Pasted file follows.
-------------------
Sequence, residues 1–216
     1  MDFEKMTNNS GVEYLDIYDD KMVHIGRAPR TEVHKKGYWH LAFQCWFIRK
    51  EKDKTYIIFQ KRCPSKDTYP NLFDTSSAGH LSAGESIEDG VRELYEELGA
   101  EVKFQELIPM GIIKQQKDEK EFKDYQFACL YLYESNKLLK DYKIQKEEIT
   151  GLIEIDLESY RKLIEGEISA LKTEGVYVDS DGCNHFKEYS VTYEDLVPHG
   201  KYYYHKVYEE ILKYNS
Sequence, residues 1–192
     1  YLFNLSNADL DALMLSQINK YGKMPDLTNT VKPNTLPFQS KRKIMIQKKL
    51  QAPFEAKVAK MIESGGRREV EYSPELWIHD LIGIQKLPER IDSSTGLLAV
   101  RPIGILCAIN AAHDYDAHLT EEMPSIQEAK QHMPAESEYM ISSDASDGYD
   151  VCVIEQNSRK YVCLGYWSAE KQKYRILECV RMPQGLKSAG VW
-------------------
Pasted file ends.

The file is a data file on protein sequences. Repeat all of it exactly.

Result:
Sequence, residues 1–216
     1  MDFEKMTNNS GVEYLDIYDD KMVHIGRAPR TEVHKKGYWH LAFQCWFIRK
    51  EKDKTYIIFQ KRCPSKDTYP NLFDTSSAGH LSAGESIEDG VRELYEELGA
   101  EVKFQELIPM GIIKQQKDEK EFKDYQFACL YLYESNKLLK DYKIQKEEIT
   151  GLIEIDLESY RKLIEGEISA LKTEGVYVDS DGCNHFKEYS VTYEDLVPHG
   201  KYYYHKVYEE ILKYNS
Sequence, residues 1–192
     1  YLFNLSNADL DALMLSQINK YGKMPDLTNT VKPNTLPFQS KRKIMIQKKL
    51  QAPFEAKVAK MIESGGRREV EYSPELWIHD LIGIQKLPER IDSSTGLLAV
   101  RPIGILCAIN AAHDYDAHLT EEMPSIQEAK QHMPAESEYM ISSDASDGYD
   151  VCVIEQNSRK YVCLGYWSAE KQKYRILECV RMPQGLKSAG VW